Stemcelldoc's Weblog

March 30, 2014

Lateral Arm Numbness and Weakness: Consider Axillary Nerve Dysfunction

At the Centeno-Schultz Clinic we acknowledge that shoulder pain can compromise quality of life and athletic endeavors.

Our online book, Ortho 2.0 highlights a systemic evaluation of joint pain and dysfunction.  The approach is termed SANS.

The N is SANS denotes nerve dysfunction.

Axillary nerve dysfunction can be a cause of lateral arm numbness and shoulder weakness.

The Axillary nerve arises from the posterior cord of the brachial plexus, C5 and C6.

Course:  It crosses the antero-inferior aspect of the subscapularis muscle, passes behind the arm through the quadrilateral space, winding around the neck of the humerus ending in two major trunks:  anterior and posterior trunk.

 

Axillary nerve

Innervation:  Teres Minor and Deltoid

Sensory: Lateral deltoid also known as the regimental badge area.

Axillary-Nerve

 

Injury can occur at several sites along the nerve path:

Origin of the posterior cord

Anterior-inferior aspect of the subscapularis muscle

Quadrilateral Space:

suprascapular_and_axillary_nerves_02

The quadrilateral space is bounded superiorly by the teres minor muscle, inferiorly by the teres major muscle, medially by the long head of the triceps, and laterally by the humeral shaft.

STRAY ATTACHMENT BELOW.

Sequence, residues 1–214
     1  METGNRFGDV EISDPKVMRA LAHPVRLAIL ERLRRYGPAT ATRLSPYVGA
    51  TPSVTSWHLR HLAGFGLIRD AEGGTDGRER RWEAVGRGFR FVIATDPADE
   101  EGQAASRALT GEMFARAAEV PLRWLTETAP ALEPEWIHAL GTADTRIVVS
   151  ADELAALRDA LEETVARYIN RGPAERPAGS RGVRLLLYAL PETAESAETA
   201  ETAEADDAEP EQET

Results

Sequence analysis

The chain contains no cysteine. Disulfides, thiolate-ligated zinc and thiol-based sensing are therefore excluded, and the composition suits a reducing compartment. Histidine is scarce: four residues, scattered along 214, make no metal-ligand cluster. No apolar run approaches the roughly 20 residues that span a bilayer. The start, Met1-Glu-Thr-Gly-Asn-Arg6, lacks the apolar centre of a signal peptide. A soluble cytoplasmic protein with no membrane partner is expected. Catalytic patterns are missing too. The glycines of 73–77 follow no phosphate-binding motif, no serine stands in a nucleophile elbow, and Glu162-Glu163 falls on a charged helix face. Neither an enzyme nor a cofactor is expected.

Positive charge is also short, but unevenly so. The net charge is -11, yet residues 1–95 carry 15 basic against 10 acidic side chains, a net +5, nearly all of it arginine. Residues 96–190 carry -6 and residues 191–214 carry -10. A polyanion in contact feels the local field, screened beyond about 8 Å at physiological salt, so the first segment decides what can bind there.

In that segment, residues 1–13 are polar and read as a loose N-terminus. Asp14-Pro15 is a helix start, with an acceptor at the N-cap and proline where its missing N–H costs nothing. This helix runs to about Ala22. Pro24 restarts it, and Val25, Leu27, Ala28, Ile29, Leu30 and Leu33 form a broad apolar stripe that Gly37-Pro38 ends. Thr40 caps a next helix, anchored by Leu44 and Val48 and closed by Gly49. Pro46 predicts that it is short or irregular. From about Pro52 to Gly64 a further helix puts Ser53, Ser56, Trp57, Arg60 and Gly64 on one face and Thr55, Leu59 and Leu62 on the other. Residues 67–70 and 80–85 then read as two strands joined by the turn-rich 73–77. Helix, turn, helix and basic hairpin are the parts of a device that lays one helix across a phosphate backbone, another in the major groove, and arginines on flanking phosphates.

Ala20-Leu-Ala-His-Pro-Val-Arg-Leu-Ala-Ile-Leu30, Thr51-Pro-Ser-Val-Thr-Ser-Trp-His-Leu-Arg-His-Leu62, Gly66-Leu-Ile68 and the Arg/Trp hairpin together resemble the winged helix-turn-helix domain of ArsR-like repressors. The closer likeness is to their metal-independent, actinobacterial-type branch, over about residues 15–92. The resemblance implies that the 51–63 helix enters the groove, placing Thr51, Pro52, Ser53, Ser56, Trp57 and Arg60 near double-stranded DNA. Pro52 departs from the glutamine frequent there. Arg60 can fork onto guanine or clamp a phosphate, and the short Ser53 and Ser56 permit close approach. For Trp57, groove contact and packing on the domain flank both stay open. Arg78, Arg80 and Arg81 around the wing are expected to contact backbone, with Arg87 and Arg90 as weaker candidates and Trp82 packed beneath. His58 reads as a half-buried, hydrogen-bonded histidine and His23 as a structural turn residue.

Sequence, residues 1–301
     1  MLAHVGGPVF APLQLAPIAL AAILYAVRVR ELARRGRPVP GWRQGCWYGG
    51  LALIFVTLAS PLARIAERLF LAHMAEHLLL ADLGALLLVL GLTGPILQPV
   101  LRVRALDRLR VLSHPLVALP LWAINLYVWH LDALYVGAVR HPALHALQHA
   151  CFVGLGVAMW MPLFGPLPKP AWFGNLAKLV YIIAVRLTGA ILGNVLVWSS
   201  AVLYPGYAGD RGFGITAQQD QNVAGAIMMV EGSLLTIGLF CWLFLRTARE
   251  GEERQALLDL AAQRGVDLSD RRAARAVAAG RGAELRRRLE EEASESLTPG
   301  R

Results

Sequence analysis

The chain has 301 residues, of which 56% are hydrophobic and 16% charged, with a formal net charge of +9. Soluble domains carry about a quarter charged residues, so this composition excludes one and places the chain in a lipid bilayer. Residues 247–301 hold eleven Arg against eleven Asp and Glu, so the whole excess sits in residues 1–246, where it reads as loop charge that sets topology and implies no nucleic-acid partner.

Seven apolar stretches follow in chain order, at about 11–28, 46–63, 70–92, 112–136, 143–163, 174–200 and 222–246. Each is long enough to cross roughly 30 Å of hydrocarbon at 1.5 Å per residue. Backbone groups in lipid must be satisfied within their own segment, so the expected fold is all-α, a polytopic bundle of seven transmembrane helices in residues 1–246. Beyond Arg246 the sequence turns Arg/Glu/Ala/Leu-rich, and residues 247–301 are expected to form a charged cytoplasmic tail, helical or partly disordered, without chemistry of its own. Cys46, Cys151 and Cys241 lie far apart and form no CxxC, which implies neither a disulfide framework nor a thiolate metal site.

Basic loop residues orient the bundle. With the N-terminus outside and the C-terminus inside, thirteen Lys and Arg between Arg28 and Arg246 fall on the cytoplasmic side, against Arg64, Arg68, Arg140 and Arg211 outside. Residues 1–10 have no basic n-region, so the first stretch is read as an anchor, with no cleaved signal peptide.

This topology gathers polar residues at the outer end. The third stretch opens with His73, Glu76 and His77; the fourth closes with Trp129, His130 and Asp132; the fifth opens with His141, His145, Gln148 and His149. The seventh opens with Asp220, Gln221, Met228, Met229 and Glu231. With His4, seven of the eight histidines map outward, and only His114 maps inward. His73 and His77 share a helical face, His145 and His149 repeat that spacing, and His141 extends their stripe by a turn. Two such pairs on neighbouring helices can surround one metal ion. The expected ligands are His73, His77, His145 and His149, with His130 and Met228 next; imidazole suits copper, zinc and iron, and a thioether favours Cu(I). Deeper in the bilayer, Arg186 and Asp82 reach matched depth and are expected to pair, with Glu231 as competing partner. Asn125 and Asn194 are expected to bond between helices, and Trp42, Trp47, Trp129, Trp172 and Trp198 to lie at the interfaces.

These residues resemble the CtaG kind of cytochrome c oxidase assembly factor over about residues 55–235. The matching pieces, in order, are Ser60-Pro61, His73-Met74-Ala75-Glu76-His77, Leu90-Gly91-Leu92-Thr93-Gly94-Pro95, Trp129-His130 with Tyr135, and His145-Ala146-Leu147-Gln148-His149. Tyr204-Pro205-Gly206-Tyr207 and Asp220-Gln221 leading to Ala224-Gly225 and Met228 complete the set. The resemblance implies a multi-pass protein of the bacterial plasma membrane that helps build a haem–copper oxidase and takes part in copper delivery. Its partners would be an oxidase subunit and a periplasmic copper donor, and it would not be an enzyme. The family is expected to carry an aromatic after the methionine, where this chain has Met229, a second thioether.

Common presentation is dull intermittent ache or pain that is localized in the posterior and lateral shoulder.  Symptoms are exacerbated by active and resisted abduction and external rotation of the humerus.

Quadrilateral space syndrome is an affliction of middle-aged men and it presents classically in the throwing athlete and those with a history rotator cuff surgery.

Ultrasound examination is can be significant for atrophy of the teres minor muscle which is illustrated below.

Ultrasound Image of Teres Minor in Quadrilateral Space

 injury at several sitesgin from the posterior cordAnteroinferior aspect of the subscapularis muscle and shoulder capsuleQuadrilateral space

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